Google unveiled a new initiative to provide AI skills training in Europe.
Google launched an artificial intelligence (AI) initiative in Europe, announcing €25 million in funding to support training.
The multinational tech giant said they would start by providing €10 million to equip Europeans with new skills “to avoid being left behind”.
Google is seeking applications from organisations to help reach those who can most benefit from training and said there would be a focus on helping “vulnerable and underserved communities”.
The initiative is in partnership with the UK-based non-profit foundation the Centre for Public Impact.
“Europe can lead the way in harnessing AI to create a strong and equitable economy — with more productive industries, more meaningful work and many new kinds of jobs,” Matt Brittin, the president of Google Europe, Middle East and Africa, wrote in a blog post.
“We want to play our part in empowering Europe’s workforce, supporting people through change, so that everyone can benefit.”
Google launched an initiative in 2015 that trained 12 million people in Europe in digital skills, the company added.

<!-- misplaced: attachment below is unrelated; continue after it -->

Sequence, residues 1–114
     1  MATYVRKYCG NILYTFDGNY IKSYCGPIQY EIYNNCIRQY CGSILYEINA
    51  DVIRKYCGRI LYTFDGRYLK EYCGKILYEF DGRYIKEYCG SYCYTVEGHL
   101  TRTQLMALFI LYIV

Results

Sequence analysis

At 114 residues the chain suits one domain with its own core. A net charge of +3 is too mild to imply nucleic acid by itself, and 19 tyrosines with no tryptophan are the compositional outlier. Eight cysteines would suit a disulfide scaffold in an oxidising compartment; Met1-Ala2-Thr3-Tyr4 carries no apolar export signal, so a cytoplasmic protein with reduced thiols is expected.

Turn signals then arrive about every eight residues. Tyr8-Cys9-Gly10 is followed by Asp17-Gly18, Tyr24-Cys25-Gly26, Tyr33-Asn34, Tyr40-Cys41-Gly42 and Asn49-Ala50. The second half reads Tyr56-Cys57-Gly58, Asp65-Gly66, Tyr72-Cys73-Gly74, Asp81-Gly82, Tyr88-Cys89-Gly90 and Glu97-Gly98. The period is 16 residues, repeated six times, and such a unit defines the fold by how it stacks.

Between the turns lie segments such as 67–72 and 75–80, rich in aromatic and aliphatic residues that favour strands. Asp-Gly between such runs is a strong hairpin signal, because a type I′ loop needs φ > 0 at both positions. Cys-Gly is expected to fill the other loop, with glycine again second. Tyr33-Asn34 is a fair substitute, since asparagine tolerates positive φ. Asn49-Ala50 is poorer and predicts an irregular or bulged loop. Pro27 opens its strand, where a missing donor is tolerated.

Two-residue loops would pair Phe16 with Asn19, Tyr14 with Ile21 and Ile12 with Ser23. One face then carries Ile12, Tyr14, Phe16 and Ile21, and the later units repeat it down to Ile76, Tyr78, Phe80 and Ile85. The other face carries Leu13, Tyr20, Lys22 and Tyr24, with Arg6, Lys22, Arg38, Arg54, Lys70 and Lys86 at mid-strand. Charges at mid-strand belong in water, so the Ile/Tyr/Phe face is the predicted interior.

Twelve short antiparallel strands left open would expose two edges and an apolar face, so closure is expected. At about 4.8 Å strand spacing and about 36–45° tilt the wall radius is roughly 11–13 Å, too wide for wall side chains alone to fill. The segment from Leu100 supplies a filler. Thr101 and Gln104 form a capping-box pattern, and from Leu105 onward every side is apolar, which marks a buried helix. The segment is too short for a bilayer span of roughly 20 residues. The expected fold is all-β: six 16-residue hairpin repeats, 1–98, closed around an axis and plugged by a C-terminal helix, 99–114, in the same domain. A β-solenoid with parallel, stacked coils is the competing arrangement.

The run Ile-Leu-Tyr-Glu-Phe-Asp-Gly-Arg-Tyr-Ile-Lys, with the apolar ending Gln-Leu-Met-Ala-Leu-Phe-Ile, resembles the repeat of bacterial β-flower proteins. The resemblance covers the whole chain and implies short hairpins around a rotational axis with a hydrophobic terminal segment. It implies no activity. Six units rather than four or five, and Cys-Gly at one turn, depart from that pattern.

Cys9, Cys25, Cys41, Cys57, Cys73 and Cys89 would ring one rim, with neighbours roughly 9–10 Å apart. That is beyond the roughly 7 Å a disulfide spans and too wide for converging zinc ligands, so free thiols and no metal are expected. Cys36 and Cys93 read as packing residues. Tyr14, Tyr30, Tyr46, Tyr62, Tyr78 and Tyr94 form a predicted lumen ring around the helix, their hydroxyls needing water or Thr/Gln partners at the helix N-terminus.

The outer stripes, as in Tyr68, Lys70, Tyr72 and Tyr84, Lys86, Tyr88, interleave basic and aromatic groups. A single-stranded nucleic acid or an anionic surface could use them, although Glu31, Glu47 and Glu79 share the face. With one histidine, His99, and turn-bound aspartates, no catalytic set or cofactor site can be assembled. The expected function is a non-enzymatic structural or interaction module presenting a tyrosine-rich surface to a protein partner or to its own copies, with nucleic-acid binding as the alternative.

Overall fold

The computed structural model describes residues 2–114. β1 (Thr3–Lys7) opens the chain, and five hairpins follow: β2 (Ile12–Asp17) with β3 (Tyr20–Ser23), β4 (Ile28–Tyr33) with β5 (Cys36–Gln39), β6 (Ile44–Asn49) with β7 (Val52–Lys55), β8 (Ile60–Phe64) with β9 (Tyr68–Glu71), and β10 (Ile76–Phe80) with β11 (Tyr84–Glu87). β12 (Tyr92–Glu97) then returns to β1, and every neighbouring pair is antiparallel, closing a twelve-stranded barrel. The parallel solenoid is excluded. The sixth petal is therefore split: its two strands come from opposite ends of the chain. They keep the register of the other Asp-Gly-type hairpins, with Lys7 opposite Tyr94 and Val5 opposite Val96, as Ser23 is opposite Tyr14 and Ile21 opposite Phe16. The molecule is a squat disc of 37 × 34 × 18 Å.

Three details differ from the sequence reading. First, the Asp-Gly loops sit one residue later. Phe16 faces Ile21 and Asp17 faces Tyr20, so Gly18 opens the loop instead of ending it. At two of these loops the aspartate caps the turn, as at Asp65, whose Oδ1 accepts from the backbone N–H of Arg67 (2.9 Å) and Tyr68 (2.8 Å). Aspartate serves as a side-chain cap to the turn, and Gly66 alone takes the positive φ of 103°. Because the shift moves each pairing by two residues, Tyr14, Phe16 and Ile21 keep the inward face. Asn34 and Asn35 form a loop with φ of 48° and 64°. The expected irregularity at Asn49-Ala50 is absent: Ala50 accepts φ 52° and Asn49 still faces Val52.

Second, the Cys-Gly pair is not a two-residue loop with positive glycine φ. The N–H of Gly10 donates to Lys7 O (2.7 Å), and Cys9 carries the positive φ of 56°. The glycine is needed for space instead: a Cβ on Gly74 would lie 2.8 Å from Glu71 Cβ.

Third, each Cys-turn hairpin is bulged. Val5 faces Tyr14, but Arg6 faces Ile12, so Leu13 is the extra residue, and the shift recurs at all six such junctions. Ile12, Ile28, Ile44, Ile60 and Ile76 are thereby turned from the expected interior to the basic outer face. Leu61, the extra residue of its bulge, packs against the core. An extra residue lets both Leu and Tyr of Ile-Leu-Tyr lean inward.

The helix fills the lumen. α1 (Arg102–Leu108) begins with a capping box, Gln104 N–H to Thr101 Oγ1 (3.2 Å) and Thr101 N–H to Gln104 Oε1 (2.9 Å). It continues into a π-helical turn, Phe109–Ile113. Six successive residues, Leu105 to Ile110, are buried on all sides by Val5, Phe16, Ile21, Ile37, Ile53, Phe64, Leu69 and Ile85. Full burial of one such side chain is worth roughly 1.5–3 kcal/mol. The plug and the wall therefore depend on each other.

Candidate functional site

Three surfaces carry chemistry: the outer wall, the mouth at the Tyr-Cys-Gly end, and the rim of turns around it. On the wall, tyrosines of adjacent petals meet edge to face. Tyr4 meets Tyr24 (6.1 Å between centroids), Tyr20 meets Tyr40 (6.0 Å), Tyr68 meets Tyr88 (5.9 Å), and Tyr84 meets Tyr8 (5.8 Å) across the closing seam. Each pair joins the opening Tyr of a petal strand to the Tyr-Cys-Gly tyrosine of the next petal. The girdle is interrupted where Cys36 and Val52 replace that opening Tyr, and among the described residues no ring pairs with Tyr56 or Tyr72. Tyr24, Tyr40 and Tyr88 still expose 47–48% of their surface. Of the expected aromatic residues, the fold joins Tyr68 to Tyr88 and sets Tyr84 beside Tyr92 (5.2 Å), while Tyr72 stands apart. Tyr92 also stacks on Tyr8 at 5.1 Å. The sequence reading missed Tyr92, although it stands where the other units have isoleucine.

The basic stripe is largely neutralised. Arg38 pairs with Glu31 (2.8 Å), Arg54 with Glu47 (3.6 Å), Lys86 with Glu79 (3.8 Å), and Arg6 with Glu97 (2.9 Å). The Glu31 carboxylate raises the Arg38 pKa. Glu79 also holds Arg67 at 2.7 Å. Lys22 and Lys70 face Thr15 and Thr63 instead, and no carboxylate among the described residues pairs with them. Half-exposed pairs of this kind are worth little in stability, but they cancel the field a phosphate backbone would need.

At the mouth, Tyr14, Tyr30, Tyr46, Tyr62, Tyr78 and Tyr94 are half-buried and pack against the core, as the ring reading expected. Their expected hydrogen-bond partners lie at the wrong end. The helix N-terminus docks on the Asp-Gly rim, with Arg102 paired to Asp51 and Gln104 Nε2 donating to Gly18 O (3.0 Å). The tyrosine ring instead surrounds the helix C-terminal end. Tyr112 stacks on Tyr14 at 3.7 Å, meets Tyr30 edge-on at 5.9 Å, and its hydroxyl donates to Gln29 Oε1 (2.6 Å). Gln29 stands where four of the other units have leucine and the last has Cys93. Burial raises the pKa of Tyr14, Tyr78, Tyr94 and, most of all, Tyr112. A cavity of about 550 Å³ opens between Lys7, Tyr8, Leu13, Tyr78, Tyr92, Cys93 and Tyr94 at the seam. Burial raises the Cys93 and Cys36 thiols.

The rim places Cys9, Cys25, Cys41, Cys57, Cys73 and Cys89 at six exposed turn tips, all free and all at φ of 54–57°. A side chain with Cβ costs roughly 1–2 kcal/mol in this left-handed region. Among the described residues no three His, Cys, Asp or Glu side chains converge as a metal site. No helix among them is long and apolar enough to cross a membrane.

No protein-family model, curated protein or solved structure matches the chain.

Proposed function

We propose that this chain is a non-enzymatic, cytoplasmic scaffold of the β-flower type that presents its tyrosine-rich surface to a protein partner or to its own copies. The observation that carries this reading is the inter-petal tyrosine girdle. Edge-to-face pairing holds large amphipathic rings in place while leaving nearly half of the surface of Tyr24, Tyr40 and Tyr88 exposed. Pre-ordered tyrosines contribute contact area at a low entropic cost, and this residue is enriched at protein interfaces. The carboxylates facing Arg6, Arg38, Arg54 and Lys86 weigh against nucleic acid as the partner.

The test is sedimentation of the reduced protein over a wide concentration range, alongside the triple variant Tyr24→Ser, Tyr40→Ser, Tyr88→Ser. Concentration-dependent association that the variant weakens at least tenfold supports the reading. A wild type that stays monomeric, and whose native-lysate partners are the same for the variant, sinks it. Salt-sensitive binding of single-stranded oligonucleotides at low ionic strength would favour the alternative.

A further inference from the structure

This new “AI Opportunity Initiative” will also include new programmes to grow startups in Europe, the Middle East, and Africa.
“AI has enormous potential to transform the world for the better. Yet research shows that the benefits of AI could exacerbate existing inequalities — especially in terms of economic security and employment,” said Adrian Brown, the Centre for Public Impact’s executive director.
“This new programme will help people across Europe develop their knowledge, skills and confidence around AI, ensuring that no one is left behind.”
The European Commission wants 80 per cent of the EU population to have basic digital skills by 2030.
According to Eurostat, around 56 per cent of the population aged 16 to 74 has “basic overall digital skills” with large differences across EU states.
While more than 80 per cent of people in the Netherlands and Finland had basic digital skills, just 28 per cent of people in Romania and 36 per cent of people in Bulgaria did.